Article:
Hearts boss Ann Budge said it was the easiest business decision she had ever taken. Sandy MacDonald of Standard Life revealed the spur to act had been an awkward question about wage disparity at the company’s AGM. Craig Hume of Utopia computers said he didn’t want to lose an award-winning member of staff, raised his pay, then decided everyone deserved the SLW.
Staff at SLW member firms said the wage rise had allowed them to go on holiday for the first time in years, save for a deposit to buy a house, quit the relentless search for another better-paid job and feel properly valued as employees.
Managers reported a rise in staff morale and drop in turnover and absenteeism – the only complaint from some long-serving staff had been the erosion of differentials.
New recruits get the same SLW as old hands and in Scotland (unlike the UK) 18-year-olds get the same rate as 48-year-olds. Once the whole system is explained it seems to be popular with staff, very popular with customers and above all fair.
According to Rachel McEwen of SSE, tax avoidance and low pay are the biggest ethical issues for customers. Recognition of the living wage brand is apparently 90 per cent in Scotland, the relentlessly positive nature of the movement means good employers want to be part of it and within a month of its launch, Scotland became the fastest growing living wage area with 20 per cent of the UK total.
So how can the Scottish Government get its voluntary scheme to cover all workers? One step would be to require all contractors and suppliers to pay the Scottish Living Wage too. It seems Holyrood lawyers are nervous about that since it might be seen as restricting free competition and thus breaching EU directives.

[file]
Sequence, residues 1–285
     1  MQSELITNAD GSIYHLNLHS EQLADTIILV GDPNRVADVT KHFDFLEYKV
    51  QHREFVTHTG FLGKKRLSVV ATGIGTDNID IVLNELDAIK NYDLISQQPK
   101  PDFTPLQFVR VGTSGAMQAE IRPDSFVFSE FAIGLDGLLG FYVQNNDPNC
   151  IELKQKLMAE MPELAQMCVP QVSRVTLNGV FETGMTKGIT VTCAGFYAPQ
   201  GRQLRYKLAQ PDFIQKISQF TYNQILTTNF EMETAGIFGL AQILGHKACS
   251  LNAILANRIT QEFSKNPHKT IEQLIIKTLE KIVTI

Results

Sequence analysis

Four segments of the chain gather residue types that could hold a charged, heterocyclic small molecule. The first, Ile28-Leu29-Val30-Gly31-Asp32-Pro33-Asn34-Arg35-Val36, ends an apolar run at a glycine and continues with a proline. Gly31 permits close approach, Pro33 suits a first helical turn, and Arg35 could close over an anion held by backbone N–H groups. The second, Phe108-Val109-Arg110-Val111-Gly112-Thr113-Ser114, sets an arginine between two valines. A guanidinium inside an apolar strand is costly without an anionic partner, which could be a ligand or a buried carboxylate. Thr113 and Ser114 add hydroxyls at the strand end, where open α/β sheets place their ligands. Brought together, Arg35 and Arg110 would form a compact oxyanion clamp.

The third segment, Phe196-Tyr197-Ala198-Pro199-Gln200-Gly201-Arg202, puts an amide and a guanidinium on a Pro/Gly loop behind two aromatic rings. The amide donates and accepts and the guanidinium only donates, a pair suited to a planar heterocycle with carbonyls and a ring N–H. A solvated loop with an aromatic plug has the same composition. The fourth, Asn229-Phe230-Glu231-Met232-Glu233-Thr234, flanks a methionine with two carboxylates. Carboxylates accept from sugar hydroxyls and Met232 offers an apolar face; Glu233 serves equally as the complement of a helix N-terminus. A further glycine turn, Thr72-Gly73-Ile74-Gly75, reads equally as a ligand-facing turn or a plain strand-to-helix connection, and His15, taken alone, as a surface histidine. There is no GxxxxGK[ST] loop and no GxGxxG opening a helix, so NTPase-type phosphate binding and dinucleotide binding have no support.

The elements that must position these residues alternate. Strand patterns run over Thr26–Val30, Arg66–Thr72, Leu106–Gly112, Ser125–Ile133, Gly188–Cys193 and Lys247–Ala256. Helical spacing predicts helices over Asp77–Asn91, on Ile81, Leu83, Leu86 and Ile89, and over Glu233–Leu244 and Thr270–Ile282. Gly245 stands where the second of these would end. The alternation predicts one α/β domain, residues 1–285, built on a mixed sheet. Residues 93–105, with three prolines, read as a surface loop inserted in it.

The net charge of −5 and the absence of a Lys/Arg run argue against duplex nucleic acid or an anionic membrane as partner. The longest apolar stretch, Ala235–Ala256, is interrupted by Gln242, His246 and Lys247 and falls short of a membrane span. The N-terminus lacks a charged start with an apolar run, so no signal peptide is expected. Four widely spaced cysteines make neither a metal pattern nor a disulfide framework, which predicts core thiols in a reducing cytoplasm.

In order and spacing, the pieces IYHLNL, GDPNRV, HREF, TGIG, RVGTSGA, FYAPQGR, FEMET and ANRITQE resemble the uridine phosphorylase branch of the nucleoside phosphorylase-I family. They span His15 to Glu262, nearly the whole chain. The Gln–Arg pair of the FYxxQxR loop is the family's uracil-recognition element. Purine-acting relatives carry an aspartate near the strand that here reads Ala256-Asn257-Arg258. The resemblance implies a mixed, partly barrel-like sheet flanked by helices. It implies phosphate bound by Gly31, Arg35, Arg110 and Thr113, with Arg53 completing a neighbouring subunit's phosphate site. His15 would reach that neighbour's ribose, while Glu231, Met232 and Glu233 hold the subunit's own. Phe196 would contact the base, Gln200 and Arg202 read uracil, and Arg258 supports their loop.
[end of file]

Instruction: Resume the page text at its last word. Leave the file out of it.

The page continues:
But the same Scottish Government took a different, more courageous stand on minimum alcohol pricing - another tricky ethical issue that was bound to invite legal challenge. Does fair pay matter less than fair alcohol pricing?
Meanwhile, as the Scottish Government swithers about compelling contractors to join the living wage club, SSE the Perth-based energy giant has already taken that step without encountering any legal challenges.
The Edinburgh Festival Fringe could become a test case as union leaders demand a “Living Wage Festival” after talks with Scottish culture secretary Fiona Hyslop.
The Scottish Government is due to issue new guidance on procurement this week but it’s not thought to demand that contractors toe the line and pay the living wage.
Which is a shame.
For the first time the majority of Scots living in poverty are in work which means they cannot expect a dramatic improvement in life simply by finding a job. Unless Scotland is to become a pale tartan version of the “pile em high, sell em fast” outlook governing the British economy, we need bolder policy and clear leadership to set a different course.